Brian Cederborg on Industry Cloud Trends with Game-Changers Radio, presented by SAP

A New Outlook For The Retail CMO … working title Join host Bonnie D. Graham as she invites you to take an additional coffee break July 14th 12:00pm-1:00pm EST, with game-changers for a special series on how SAP is taking its unrivaled industry expertise into the cloud, on Industry Cloud Trends with Game-Changers Radio. Joining Bonnie for this discussion, is our very own Brian Cederborg, VP of Retail & Wholesale Consulting for /N SPRO, Dan Berthiaume, Chain Store Age & Nancy Casey from SAP.

The omni-channel migration within retail has had far-reaching implications. Consumers demand to shop when, where and how they want, while expecting a consistent experience across channels. This has not only impacted sales models but marketing strategies as well.

To keep up with consumers, the retail chief marketing officer job description has changed, and will likely continue to change for another three to five years. Once known for traditional sales enablement and advertising, the CMO role now requires an intimate knowledge of multiple (and emerging) communications channels, the ability to create and target customer personas, an understanding of big data, analytics and the tools required to uncover consumer insights, and an awareness of how all these variables apply to the customer journey.

This means that CMOs are now dealing with roles and responsibilities that overlap with the chief information officer and chief technology officer, overseeing complex data and product innovation platforms to predict, understand and align with consumer behavior. To justify new strategies and tools, and hone in on the right activities that will move the needle, measurement has become an even more critical element of the CMO role.

Click to Listen Live on July 14th, 12:00-1:00pm EST

By | 2018-04-23T10:32:50-04:00 July 9th, 2015|Categories: Leadership, Market Trends, Retail, Retail Technology|0 Comments

The Importance of Being a good coach

Eighty to nighty percent of the consulting workforce have mentoring and coaching objectives that they need to carry throughout the year. Whether it’s as a Managing Partner, VP, Director, Project Manager, Team Lead, Colleague – sometimes as a consultant to your client. What does “coaching and mentoring” mean? What is Coaching exactly?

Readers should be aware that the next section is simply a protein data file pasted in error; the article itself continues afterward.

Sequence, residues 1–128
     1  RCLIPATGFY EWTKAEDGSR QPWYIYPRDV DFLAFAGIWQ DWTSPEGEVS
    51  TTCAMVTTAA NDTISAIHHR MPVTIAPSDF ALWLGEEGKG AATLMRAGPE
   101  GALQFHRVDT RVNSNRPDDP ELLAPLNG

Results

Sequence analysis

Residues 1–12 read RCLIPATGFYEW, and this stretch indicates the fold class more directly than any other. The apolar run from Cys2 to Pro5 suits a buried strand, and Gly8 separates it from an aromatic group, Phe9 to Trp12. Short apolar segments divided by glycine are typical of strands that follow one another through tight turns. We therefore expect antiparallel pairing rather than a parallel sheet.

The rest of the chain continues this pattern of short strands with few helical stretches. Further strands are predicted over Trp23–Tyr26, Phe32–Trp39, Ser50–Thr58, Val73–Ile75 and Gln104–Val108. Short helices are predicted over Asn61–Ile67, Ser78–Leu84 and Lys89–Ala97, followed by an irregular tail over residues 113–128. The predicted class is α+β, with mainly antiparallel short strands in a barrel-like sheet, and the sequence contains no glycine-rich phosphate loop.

Before I begin, let’s be clear about one of the misconceptions’ of coaching: coaching has nothing to do with managing. Managing is about controlling, whereas Coaching is about freeing and enabling. The key component of coaching is around commitment. Putting in the time and effort is the key differentiator in taking that role. Coaching takes some time (when looking on the short-term ROI), but it will pay off. If well done, it’s a guaranteed successful result for all parties involved. Coaching colleagues & peers (on topics you master and also on project experiences, behaviors, consulting expectations…) enables the team to build the capability to take on double capacity as a team, and with increased Eliteness (and exponentially when the learner ends up coaching others in return). How you ask? There are 3 aspects that are key to develop in order to develop better coaching skills.

  1. Having a strong development bias: Continuously wondering how you can help the individuals getting better, moving their career forward and addressing their weaknesses. It needs to be all about the employee’s development.
  2. Develop the relationship: Extensive personal contact might be easier when talking eyeball to eyeball but not restricted to it. It’s all about listening & remembering who likes what, what’s important to one’s life, what phases are people going through, what gets them motivated & thrilled. Same as one would do while developing a relationship (friend, partner, kids…)
  3. Care: Caring about one’s development is half of the 2 ends. Show how much you care about one’s growth […]
By | 2018-04-23T10:33:00-04:00 April 18th, 2013|Categories: Leadership, Learning Management|Tags: , , , , , |0 Comments